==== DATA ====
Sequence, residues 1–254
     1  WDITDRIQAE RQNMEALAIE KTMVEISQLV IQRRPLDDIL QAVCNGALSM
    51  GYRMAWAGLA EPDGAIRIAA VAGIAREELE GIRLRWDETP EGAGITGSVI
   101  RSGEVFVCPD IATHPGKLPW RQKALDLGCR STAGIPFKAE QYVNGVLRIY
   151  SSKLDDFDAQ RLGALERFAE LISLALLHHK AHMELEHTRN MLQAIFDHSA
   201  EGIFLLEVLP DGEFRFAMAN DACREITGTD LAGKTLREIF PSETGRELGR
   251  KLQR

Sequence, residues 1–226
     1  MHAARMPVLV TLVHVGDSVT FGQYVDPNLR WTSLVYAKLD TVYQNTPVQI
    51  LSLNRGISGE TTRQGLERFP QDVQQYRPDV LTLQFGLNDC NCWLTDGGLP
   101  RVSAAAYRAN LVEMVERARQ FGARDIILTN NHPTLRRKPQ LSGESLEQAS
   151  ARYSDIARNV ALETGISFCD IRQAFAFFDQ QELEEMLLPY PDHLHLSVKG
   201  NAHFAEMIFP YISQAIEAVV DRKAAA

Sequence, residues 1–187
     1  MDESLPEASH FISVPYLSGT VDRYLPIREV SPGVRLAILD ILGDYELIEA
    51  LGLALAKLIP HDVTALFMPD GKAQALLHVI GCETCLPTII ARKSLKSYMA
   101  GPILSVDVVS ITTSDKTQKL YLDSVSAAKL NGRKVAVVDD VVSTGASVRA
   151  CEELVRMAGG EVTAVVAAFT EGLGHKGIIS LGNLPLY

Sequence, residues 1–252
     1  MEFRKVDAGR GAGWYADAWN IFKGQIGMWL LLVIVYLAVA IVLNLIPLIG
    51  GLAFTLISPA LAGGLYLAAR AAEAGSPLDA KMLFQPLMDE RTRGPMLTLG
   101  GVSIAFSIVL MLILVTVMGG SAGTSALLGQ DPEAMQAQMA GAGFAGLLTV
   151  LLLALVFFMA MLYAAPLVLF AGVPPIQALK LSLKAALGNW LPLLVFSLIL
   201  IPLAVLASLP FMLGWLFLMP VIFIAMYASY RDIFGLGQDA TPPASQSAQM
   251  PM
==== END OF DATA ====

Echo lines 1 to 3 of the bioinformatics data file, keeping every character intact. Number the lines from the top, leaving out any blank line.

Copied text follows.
Sequence, residues 1–254
     1  WDITDRIQAE RQNMEALAIE KTMVEISQLV IQRRPLDDIL QAVCNGALSM
    51  GYRMAWAGLA EPDGAIRIAA VAGIAREELE GIRLRWDETP EGAGITGSVI